Today, Dec. 25, marks the official release of the already highly praised "August: Osage County." The Milwaukee Film Festival featured an early screening for a restricted 500 viewers back on Oct. 7 at the Oriental Theater, and Artistic Director Jonathan Jackson predicted it would draw Oscar buzz. The film just released and it already earned Screen Actors Guild Award nominations for Meryl Streep as Female Actor in a Leading Role, Julia Robers as Female Actor in a Supporting Role, and Outstanding Performance by a Cast in a Motion Picture. It has already won two Hollywood Film Festival Awards and is nominated for two Golden Globes. While the concept and production of the plot is compelling, the real focus of the film is the incredible acting, particularly from Meryl Streep and Julia Roberts.
"August: Osage County" is a play-turned-film about the Weston family, who goes through loss together after time, distance, and personality flaws have kept them divided. A few weeks after Beverly Weston (Sam Shepard- "Black Hawk Down", "The Right Stuff") hires a live-in cook and caregiver (Misty Upham- "Frozen River", "Dream Keeper") for his cancer-afflicted and drug-addicted wife, Violet, he goes missing, causing an uproar in the family. Meryl Streep ("The Devil Wears Prada", "The Iron Lady") stars as the matriarch of the family with three daughters: Barbara (Julia Roberts- "Pretty Woman", "Erin Brockovich"), Karen (Juliette Lewis- "What's Eating Gilbert Grape", "Natural Born Killers"), and Ivy (Julianne Nicholson- "Tully", "Law & Order: Criminal Intent"). The three sisters reunite in their family home along with their own families and drama, causing a cut-throat funeral-turned-madhouse that both shocks and amuses audiences.
I thought we were having a funeral dinner, not a cockfight.
The film features an all-star cast including Meryl Streep, Julia Roberts, Ewan McGregor, Dermot Mulroney, Abigail Breslin, Juliette Lewis, Benedict Cumberbatch, and Christopher Cooper. Each of these critically acclaimed actors portrays characters with huge personalities who only get deeper as the plot develops. It's a testament to the writers, casting directors, and actors that such a distinct group of actors can perfectly pin down radically diverse characters believably within one family. While this is, by no stretch of the imagination, a story of a close-knit, loving Brady Bunch-style family, the entire cast is believable as a family with a world of history waiting to resurface and rear its ugly head.
Thank God we can't tell the future. We'd never get out of bed.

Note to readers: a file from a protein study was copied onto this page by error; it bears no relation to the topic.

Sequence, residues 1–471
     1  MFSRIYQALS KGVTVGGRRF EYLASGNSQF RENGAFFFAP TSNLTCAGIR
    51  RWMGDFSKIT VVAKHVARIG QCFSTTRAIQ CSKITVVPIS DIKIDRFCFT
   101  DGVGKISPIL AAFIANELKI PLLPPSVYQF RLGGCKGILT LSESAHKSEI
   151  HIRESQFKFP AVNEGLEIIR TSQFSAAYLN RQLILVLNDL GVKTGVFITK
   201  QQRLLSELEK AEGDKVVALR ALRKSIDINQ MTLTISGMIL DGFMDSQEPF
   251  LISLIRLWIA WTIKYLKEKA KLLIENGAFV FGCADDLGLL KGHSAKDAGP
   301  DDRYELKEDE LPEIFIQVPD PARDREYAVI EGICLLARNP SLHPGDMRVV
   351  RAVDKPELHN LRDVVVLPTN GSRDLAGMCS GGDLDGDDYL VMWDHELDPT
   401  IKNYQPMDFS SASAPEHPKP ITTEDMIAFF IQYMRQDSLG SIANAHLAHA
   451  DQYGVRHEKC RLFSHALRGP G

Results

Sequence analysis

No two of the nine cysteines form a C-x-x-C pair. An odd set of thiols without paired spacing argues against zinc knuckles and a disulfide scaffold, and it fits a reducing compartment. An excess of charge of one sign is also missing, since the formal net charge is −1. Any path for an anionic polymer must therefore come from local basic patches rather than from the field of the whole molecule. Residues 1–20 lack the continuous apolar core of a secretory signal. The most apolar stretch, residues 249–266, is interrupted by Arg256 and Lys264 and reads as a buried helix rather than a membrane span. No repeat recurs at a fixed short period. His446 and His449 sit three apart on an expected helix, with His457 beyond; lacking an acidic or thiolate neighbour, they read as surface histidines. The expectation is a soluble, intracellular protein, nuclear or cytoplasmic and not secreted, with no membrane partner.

In addition to the already impressive collection of characters, the Oklahoma setting is its own character, in a way. The family reunites with Violet from across the country, each uniquely affected by their surroundings and upbringing. While there are many beautiful, scenic countryside shots interspersed between dialogue and conflict, it creates the paradoxical effect of claustrophobia. The focus on space only makes the family house seem that much smaller and crowded, showing the vast surrounding space through which to either escape or find yourself trapped.
Another paradoxical element of the film is its ability to function both as a hard-hitting drama and a comedy. This is, in no small part, due to the incredible acting and line delivery. While this all-star cast is incredibly suited for their individual parts, Meryl Streep and Julia Roberts are all that anyone can think about, and rightly so. Streep plays Roberts's brutally honest drug-addled mother who calls upon her broken family when her husband goes missing. Roberts plays the oldest and boldest of the daughters, who faces her mother head-on despite her own family issues and the fact that no one else has the courage to take on such a powerful persona. The two are simply amazing together. Streep has given one incredible performance after the other, always managing to top herself. It's no surprise, then, that she completely and effortlessly embodies yet another challenging character, topping herself once again. Roberts, while undoubtedly another talented actress, was more of a surprise for audiences as she takes on a challenging role, rough-edged role we're not accustomed to seeing her portray. It's an incredible feat to match the talented Meryl Streep in a film, especially with such an impressive list of supporting cast members, but Julia Roberts does just that in "August: Osage County."
The only woman who was pretty enough to go without makeup was Elizabeth Taylor and she wore a ton!
The only notable flaws in the film relate to plot points rather than performance, particularly the ending. Without having to send a "Spoiler Alert", the film has the potential to end well, and would do so, if it weren't for the last few minutes. If "August: Osage County" were to end a mere two or three minutes sooner than it does, it would have a much more powerful conclusion that would resonate much stronger with audiences.
Nobody slips anything by me.
However, two minutes is nothing to overshadow the incredible work of such an impressive cast. There is a lot of drama to take in within each sector of the family, and yet it is most certainly qualified as a dark comedy. A combination of one-liners and outrageous personalities make what might otherwise be pure drama something that audiences can find entertaining and laugh-out-loud funny. This story of a damaged, diverse family features many talented actors, though Meryl Streep is mesmerizing as she throws out the cold hard truth, no matter how painful it might be for others to hear. Julia Roberts has earned her many award nominations for this role in simply being able to match Streep's performance, as both actresses steal the limelight away from so many talented performers.
Life just puts you in a corner sometimes.